After 10 frustrating years of technical delays, escalating costs and contractor changes, the FAA’s GPS wide area augmentation system (WAAS) is approaching the level of performance the agency originally envisioned for it back in the late 1980s. With the system’s initial operational capability declared in 2003 and 18 months of satisfactory performance now behind them, WAAS advocates can see light at the end of the tunnel.
Last month I started a discussion about what I have come to recognize as a serious disconnect between pilots and mechanics, each of whom performs critical tasks necessary to prepare an aircraft for safe flight. For lack of a better term, I call this phenomenon negative culture. Although the phenomenon exists in every industry, in few industries does it carry consequences as severe as those in aviation.
Few navigation systems have experienced the ups and downs of loran as they sought recognition. In December, a UK agency said the system is an essential back-up to GPS; the same month the FAA rejected it for the same purpose and an independent group of U.S. experts unanimously endorsed the system as a backup.
Federal agencies on January 8 issued a notice asking for the public’s help to decide if there is a need to continue to operate or invest in the loran-C radio navigation system beyond September 30. They gave the public only 30 days–until February 7–to submit comments.
Federal agencies are asking for the public’s help to decide if there is a need to continue to operate or invest in the loran-C radio navigation system beyond Fiscal Year 2007 (which ends September 30). While the current loran-C system is based on technology developed in the 1960s, some of the stations have been updated to allow for an enhanced signal (eLoran).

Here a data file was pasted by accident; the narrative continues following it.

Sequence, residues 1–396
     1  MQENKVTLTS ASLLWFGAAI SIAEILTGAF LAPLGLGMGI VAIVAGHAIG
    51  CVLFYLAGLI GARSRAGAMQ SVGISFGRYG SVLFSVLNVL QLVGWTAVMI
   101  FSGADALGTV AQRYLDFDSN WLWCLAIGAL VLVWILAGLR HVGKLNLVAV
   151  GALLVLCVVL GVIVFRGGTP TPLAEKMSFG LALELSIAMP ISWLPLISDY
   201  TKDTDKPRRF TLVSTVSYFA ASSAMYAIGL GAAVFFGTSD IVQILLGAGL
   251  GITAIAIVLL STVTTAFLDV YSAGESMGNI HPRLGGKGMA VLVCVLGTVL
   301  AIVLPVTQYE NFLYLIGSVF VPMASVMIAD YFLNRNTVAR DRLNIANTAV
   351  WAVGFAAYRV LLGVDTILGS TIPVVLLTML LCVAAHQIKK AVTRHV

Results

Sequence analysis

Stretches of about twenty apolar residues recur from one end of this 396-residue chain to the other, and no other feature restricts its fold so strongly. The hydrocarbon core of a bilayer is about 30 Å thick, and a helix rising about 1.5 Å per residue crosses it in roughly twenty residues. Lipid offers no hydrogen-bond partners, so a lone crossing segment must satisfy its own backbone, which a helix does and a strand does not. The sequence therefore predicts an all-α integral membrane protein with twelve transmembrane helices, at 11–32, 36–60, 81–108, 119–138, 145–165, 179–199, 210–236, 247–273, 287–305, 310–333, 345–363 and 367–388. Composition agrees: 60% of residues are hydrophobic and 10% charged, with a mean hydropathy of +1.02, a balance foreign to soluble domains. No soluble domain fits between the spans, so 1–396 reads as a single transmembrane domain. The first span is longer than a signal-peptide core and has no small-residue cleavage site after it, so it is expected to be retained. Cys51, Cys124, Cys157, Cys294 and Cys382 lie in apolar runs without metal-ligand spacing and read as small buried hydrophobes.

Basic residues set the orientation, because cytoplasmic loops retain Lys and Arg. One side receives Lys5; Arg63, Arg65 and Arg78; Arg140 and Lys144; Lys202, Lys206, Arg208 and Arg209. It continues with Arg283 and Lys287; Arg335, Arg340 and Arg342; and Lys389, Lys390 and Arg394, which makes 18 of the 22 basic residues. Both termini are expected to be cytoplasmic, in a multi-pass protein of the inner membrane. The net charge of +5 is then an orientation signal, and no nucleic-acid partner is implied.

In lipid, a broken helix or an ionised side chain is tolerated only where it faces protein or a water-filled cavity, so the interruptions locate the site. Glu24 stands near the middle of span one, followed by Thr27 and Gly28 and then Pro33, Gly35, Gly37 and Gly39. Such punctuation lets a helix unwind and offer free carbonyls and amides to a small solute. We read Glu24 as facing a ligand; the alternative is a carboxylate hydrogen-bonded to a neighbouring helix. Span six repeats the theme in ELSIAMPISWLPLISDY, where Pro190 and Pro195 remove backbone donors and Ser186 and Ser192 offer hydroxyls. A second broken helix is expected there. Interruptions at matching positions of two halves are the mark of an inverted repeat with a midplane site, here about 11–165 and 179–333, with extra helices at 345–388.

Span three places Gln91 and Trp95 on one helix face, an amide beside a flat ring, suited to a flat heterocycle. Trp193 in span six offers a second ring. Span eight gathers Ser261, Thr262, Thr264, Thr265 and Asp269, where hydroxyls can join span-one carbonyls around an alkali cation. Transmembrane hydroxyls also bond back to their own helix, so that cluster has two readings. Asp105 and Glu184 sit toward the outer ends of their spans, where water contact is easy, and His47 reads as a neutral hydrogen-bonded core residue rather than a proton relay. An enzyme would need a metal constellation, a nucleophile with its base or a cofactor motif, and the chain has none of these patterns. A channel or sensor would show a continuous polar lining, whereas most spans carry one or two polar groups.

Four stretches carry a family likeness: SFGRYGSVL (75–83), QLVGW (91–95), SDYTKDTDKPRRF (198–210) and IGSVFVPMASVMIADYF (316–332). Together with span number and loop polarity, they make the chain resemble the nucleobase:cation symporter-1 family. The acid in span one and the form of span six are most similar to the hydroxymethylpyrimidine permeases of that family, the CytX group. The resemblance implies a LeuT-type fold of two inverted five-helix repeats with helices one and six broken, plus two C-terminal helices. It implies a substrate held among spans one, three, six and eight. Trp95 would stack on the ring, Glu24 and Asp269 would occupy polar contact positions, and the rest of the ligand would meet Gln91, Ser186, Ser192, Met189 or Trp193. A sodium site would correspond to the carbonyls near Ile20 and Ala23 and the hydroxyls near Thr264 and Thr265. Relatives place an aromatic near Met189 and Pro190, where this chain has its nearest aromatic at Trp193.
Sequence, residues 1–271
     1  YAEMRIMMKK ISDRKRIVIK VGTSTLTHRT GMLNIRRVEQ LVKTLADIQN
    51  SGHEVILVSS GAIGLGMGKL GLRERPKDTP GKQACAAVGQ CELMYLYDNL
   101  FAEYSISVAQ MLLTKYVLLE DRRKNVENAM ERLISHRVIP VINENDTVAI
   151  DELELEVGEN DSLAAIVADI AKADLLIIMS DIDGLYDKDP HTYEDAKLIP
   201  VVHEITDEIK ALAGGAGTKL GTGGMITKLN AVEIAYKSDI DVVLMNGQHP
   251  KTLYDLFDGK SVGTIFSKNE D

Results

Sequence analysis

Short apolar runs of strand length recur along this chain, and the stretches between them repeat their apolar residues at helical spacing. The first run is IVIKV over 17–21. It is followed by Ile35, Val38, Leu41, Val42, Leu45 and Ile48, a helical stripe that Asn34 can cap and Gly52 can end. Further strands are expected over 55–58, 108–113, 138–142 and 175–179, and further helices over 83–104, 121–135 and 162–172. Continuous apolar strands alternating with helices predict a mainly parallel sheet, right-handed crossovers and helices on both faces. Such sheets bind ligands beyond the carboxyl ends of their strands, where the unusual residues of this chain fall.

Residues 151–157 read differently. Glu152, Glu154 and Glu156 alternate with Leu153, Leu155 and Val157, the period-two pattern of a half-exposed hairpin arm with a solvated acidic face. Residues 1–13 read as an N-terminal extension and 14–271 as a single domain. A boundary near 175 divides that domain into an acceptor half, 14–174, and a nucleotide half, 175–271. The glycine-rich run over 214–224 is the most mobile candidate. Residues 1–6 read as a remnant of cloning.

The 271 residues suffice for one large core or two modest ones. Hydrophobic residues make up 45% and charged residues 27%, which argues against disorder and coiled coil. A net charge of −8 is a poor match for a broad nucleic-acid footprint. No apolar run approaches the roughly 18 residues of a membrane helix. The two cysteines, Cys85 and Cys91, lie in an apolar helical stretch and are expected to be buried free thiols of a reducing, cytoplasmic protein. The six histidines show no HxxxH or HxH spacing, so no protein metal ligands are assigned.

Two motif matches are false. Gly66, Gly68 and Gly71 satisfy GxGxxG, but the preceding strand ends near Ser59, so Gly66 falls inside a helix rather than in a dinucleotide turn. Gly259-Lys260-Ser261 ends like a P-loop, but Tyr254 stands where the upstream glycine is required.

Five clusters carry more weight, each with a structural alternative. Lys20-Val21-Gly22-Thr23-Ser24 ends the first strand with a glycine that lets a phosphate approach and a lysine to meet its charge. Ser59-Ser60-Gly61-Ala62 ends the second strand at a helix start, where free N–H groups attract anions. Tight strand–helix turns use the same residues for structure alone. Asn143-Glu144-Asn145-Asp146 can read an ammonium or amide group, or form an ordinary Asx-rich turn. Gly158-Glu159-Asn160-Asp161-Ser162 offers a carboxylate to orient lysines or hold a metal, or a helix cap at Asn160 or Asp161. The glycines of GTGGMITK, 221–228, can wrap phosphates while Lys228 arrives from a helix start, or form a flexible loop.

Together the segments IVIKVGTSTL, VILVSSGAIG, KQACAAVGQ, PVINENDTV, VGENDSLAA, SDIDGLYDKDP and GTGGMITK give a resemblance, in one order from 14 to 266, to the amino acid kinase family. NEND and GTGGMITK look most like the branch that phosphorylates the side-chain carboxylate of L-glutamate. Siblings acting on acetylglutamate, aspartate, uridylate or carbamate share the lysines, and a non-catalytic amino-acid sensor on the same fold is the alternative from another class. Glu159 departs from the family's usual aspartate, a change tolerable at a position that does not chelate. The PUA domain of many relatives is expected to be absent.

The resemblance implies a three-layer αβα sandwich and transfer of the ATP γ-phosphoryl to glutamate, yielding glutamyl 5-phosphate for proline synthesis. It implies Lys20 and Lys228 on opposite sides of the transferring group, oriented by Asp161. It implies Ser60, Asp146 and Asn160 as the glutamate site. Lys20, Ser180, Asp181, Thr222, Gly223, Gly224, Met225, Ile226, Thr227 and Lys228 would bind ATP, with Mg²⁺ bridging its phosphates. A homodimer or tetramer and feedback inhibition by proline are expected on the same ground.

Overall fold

A number of changes to service charges proposed by Nav Canada will not go into effect as planned on March 1. Nav Canada, the private corporation that provides the country’s air navigation and ATC services said, “More time is needed to consider the comments and suggestions made in submissions received from stakeholders during the consultations period,” which ended on February 10.
China has disclosed that it intends to build a GPS-like global navigation system. Named Compass, the $2 billion system would have 30 satellites in medium earth orbits similar to the current GPS. Five additional satellites will provide WAAS-like and other functions, with a forecast 10-meter accuracy free to all users. Western experts predict likely operation between 2015 and 2020.
Boeing’s delivery in May of a 737-800 airliner certified for the global navigation satellite landing system (GLS) marked the culmination of a 10-year development effort. It also served as a reminder that the ground-based augmentation system (GBAS) still has a future, despite a U.S.
Like the proverbial cat with nine lives, loran has once more rebounded from attempts on its life. Loran has always been owned and operated by the U.S. Coast Guard, which since the late 1990s has been trying to close down the system. Congress has consistently demurred and has each year put continuing operating funds for loran back into the agency’s budget.
Dramatic reductions in approach minimums at terrain-challenged airports are among the more spectacular results of applying RNP-Rnav. But more widespread benefits are promised when procedures based on the capabilities of modern aircraft supersede those that tie the airplanes to expensive ground navigational aids.